Shooting To Kill
[Re: “Not Again,” WW, March 24, 2010:] Police are not trained to shoot to disarm or shoot to disable. They are trained to shoot for center of mass, the torso, the largest part of the body. Trying to shoot an assailant in the arm or leg while running is fiction from the movies. The average time to draw and fire a handgun is 1.5 seconds. The average person starting from a standstill can cover 21 feet in that time. So if you are presented with a person attacking you with a knife, your chances of coming away uninjured or alive rely on you making a decision and starting to draw your weapon when your attacker is over 7 yards away from you.
“Before it Starts”
While this is a tragic situation, the officer most likely did what any officer is supposed to: He shot a man approaching him with a knife and refusing to drop it. This is not the movies; shooting a knife out of a bad guy’s hand is a stupid idea and could have got the officer killed. Police are trained to shoot until the threat has stopped. If it takes one, two, three or four shots, it doesn’t matter; you shoot until he stops. A number of drugs can cause the bad guy to ignore the shots even if they are fatal. It does not matter if the man is mentally ill or not—he can still cut you pretty bad with a knife.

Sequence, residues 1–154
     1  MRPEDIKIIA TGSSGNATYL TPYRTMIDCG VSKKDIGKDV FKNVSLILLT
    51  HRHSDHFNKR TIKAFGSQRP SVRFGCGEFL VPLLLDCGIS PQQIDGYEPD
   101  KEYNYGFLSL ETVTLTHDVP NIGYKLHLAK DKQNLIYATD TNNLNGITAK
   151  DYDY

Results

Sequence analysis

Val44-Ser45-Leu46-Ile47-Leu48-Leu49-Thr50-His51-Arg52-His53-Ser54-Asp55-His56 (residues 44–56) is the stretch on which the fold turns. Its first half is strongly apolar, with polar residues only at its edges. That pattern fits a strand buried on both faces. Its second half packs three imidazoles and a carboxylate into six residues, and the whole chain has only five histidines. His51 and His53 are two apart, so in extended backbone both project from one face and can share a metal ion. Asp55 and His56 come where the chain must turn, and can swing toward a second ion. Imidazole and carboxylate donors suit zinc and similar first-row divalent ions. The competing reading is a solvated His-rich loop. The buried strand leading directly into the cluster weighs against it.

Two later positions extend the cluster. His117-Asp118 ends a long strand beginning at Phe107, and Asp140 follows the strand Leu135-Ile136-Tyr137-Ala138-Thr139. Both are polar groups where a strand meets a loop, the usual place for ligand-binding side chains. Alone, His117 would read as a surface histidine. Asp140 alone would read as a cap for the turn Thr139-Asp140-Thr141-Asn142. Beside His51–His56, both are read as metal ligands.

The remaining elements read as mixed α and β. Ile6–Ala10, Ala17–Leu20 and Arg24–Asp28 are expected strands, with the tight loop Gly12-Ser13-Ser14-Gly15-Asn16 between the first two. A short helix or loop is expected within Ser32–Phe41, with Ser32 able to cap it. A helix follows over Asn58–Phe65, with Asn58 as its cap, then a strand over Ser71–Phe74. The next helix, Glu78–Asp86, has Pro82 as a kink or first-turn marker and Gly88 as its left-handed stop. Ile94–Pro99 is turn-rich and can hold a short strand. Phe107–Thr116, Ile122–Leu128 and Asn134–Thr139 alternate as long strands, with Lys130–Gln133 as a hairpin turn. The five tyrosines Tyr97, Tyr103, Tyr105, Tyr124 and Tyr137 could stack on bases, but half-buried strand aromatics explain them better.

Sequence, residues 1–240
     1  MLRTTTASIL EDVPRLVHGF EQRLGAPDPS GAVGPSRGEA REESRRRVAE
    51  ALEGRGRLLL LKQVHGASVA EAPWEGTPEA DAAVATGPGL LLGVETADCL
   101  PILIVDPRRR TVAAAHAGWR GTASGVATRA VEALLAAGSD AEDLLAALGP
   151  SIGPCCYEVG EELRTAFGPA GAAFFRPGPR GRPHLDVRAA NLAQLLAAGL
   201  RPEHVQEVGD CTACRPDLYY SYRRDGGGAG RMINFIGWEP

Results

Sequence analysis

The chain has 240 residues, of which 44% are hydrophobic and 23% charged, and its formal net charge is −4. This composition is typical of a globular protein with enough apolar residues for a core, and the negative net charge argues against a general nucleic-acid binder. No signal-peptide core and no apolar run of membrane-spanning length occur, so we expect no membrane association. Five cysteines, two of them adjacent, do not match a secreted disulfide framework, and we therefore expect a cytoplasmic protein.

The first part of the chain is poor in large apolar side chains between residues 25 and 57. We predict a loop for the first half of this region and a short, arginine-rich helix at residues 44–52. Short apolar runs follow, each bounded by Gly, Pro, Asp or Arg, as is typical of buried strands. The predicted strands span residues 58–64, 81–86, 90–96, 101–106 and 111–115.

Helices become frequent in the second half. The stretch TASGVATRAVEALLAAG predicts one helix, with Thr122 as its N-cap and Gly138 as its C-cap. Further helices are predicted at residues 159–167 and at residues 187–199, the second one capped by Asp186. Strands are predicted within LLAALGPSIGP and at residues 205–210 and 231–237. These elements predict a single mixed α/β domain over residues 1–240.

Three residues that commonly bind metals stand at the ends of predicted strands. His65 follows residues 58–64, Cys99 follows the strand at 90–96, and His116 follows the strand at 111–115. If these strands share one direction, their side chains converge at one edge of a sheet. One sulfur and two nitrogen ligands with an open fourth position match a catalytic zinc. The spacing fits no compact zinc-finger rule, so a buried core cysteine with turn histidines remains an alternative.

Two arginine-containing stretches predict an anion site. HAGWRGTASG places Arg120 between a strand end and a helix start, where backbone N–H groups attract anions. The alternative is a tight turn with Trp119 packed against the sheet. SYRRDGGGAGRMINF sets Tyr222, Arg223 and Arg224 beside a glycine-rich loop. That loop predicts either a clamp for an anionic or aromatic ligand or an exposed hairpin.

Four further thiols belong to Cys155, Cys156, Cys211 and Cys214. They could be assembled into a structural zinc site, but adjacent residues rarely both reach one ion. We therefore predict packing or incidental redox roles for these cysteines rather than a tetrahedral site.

The man could have been Tasered or shot in the leg, rendering him harmless. Unfortunately, police shoot to kill because there are fewer lawsuits involved in killing someone than just maiming them. It’s a sad, tragic truth that should be changed. Sizer just returned from a law enforcement conference in England where police do not carry firearms. I wonder how they are trained to handle being approached by a person with a knife. Maybe we could learn something?